Dramatically one defendant turned King's evidence against the other and gave evidence for the Crown. Just to add another twist to the trial the defendants were brothers in law and long time friends, and the one remaining defendant, condemned by the other, was married to his friend's sister and would be hung if found guilty by the jury.

In a fit of brilliance and either self-confidence or foolhardiness, Garrow embarked upon a last ditch, do or die attempt to sway the jury by pulling at their heart strings to persuade them to return a 'perverse' verdict (yes it is surprising what we can learn from dramatisations), by finding the defendant not guilty against all the evidence. It worked, and the foreman of the jury, despite what some might have seen as an attempt by Judge Buller to bully the jury by allowing them hardly any time to deliberate and by saying there was nothing to consider - meaning that the defendant was guilty, uttered the words 'not guilty'.

However, was the defendant 'guilty' all along? Garrow had acted true to his profession and to his abilities but had he unwittingly got 'carried away'? We shall never know. Perhaps even more confusing is the fact that Garrow was born 13 April 1760, joined Lincoln's Inn in November 1778, and was called to the Bar on 27 November 1783 some years after the Spitalfields Riots!

 


 

 



Garrow's Law - Poetic licence?

Hadfield's trial on June 26th 1800 along with Daniel M'Naghten's in 1843 formed the basis of the defence of insanity.

A recent episode of Garrow's Law on the BBC on 13th November 2011 highlighted the case of James Hadfield. Hadfield was charged with treason for the attempted assassination of King George III. He fired a pistol at the King as he went into the Royal Box on 15th May 1800.

 

Hadfield's trial on June 26th 1800 along with Daniel M'Naghten's case in 1843 formed the basis of the defense of insanity. In Hadfield's case Lord Kenyon felt that prison would not be the right place for him but also felt it would be wrong for him to be released. He was returned to Newgate Prison initially but was transferred to Bethlem Hospital in October 1800. This decision led to the decision that a successful plea of insanity should result in automatic confinement.

 

So, interesting viewing for all of us interested in the law, but in fact Mr Garrow did not defend James Hadfield, as a matter of fact he was junior counsel for the Crown, and Counsel assigned for the prisoner was The Hon. Thomas Erskine. See below for more details.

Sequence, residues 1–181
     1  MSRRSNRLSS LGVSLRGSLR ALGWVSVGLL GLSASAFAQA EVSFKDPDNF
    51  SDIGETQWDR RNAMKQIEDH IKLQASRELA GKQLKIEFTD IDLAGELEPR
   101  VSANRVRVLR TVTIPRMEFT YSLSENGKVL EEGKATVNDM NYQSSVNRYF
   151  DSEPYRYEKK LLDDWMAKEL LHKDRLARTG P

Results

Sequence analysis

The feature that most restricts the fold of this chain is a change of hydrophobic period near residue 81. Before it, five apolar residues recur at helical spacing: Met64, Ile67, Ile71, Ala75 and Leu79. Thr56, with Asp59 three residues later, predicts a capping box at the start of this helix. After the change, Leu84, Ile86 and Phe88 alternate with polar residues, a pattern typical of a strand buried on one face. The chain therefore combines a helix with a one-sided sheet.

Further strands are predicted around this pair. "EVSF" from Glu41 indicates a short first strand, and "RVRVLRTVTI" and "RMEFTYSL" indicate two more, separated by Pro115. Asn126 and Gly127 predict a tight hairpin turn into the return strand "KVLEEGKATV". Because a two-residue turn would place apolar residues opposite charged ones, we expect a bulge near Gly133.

Poetic licence perhaps?

 

 

Court Of King's Bench June 26th 1800.

Present.—-Lord Kenyon Chief Justice; Mr. Justice Grose; Mr. Justice Lawrence; Mr. Justice Le Blanc.

Counsel for the Crown.—Mr. Attorney General [Sir John Mitford, afterwards Lord Redesdale; successively Speaker of the House of Commons and Lord chancellor of Ireland].

Mr. Solicitor General [Sir William Grant, afterwards Master of the Rolls].

Mr. Law [afterwards lord Ellenborough and Chief Justice of the King's-bench].

Mr. Garrow [afterwards a Baron of the Exchequer],

Mr. Wood [afterwards a Baron of the Exchequer].

Mr. Abbott [afterwards Chief Justice of the King's-bench].

Solicitor.—Joseph White, esq. solicitor for the affairs of his Majesty's Treasury.

Counsel assigned for the Prisoner.—The Hon. Thomas Erskine [afterwards Lord Chancellor Erskine].

Mr. Serjeant Best [afterwards a Judge of the King's-bench].

Assistant Counsel.—Mr. Knapp.

Solicitor.—Mr. Charles Humphries.

Courtesy of Cobbett's complete collection of state trials and proceedings for high treason





 

 

Stephen Lawrence murder trial commences.

Legal history was made in 2006 when William Dunlop became the first man to face a retrial under the double jeopardy rule. Now, 18 years on, two men will face a retrial charged with murdering Stephen Lawrence.

It was Stephen's case and others like it that prompted the government into reviewing the 800 year old double jeopardy rule which prevented someone being tried again for the same offence if they had previously been acquitted. The Criminal Justice Act 2003 meant that the law was eventually changed allowing a retrial if there is “new” and “compelling” evidence in the case of serious crimes such as murder armed robbery rape and some drug offences. The Act came into force on April 4th 2005 but, as in the case of Stephen Lawrence, can be applied retrospectively.  The trial of Gary Dobson and David Norris in this high profile murder trial has commenced at the Old Bailey, London.

 

Legal history was made in 2006 when William Dunlop became the first man to face a retrial under the double jeopardy rule after his case was referred to the Court of Appeal by the Director of Public Prosecutions, Ken Macdonald, QC. Dunlop pleaded guilty in September 2006 to the murder of Julie Hogg in 1989. The Attorney General, Lord Goldsmith, said: "The Criminal Justice Act of 2003 brought about a significant and welcome change in our criminal justice system, by giving the Court of Appeal the power to quash an acquittal and order a retrial for a serious offence when there is new and compelling evidence relevant to the guilt of the acquitted person.